{18.} L   [126] Next comes the tenth region of Italy, on the coast of the Adriatic Sea. In it are Venetia, the river Silis that rises in the mountains of Tarvisium, the town of Altinum, the river Liquentia rising in the mountains of Opitergium, and the port of the same name, the colony of Concordia, the river and port of Reate, the Greater and Lesser Tiliaventum, the Anaxum, into which flows the Varanus, the Alsa, the Natiso, with the Turrus that flows past the colony of Aquileia situated 15 miles from the sea. [127] This is the region of the Carni, and adjoining it is that of the Iapudes, the river Timavus, Castellum Pucinum famous for its wine, the Gulf of Tergeste, and the colony of the same name, 33 miles from Aquileia. Six miles beyond Tergeste is the river Formio, 189 miles from Ravenna, the old frontier of the enlarged Italy and now the boundary of Istria. It has been stated by many authors, even including Nepos, who lived on the banks of the Po, that Istria takes its name from the stream called Ister flowing out of the river Danube (which also has the name of Ister) into the Adriatic, opposite the mouths of the Po, and that their currents, colliding from contrary directions, turn the intervening sea into a pool of fresh water; but these statements are erroneous, [128] for no river flows out of the Danube into the Adriatic. I believe that they have been misled by the fact that the ship Argo came down a river into the Adriatic not far from Tergeste, but it has not hitherto been decided what river this was. More careful writers say that the Argo was portaged on men's shoulders across the Alps, but that she had come up the Ister and then the Savus and then the Nauportus, a stream rising between Emona and the Alps, that has got its name from this occurrence.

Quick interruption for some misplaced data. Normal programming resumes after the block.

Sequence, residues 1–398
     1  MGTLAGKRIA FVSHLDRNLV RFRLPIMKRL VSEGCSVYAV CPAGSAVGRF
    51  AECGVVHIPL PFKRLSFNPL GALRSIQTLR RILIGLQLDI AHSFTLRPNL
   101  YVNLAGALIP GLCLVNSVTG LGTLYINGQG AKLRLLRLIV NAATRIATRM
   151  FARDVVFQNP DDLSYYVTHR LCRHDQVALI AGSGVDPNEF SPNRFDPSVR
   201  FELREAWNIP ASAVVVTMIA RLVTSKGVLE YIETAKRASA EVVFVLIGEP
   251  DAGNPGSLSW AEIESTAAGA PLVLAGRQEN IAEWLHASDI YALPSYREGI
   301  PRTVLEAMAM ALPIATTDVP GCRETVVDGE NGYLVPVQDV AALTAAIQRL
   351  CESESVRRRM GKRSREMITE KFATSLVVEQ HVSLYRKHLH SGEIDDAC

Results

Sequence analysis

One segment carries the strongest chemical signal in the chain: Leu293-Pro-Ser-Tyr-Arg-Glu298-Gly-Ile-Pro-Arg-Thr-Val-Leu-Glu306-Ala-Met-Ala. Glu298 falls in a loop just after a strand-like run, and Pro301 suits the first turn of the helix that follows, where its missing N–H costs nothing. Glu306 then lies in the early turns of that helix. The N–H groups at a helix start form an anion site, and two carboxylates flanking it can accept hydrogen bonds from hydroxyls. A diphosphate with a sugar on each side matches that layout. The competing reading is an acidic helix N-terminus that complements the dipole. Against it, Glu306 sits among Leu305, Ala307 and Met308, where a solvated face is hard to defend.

{19.} L   [129] Istria projects in the form of a peninsula. Some authorities have given its breadth as 40 miles and its circuit as 125 miles, and the same dimensions for the adjoining territory of Liburnia and the Flanatic Gulf; others make it 225 miles, and others give the circuit of Liburnia as 180 miles. Some carry Iapudia, at the back of Istria, as far as the Flanatic Gulf, a distance of 130 miles, and then make the circuit of Liburnia 150 miles. Tuditanus, who conquered the Istrians, inscribed the following statement on his statue there: From Aquileia to the river Tityus 2000 stades. Towns in Istria with the Roman citizenship are Aegida, Parentium and the colony of Pola, the present Pietas Julia, originally founded by the Colchians, and 105 miles from Tergeste. Then comes the town of Nesactium and the river Arsia, now the frontier of Italy. The distance across from Ancona to Pola is 120 miles.

[130] In the interior of the tenth region are the colonies of Cremona and Brexia in the territory of the Cenomani, and Ateste in that of the Veneti, and the towns of Acelum, Patavium, Opitergium, Velunum, Vicetia and Mantua, the only remaining Etruscan town across the Po. According to Cato, the Veneti are descended from a Trojan stock, and the Cenomani lived among the Volcae in the neighbourhood of Massilia. There are also the Raetic towns of Feltrina, Tridentium and Berua, Verona which belongs to the Raeti and Euganei jointly, and Julium which belongs to the Carni; then peoples that we need not be concerned to designate with more particularity, the Alutrenses, Asseriates, Flamonienses Vanienses and other Flamonienses surnamed Curici, the Forojulienses surnamed Transpadani, Foretani, Nedinates, Quarqueni, Tarvisani, Togienses, Varvari. [131] In this district there have disappeared, on the coast-line, Irmene, Pellaon, Palsiciurn, Atina and Caelina belonging to the Veneti, Segesta and Ocra to the Carni, Noreia to the Taurisci. Also Lucius Piso states that a town 12 miles from Aquileia was destroyed by Marcus Claudius Marcellus, although against the wish of the senate.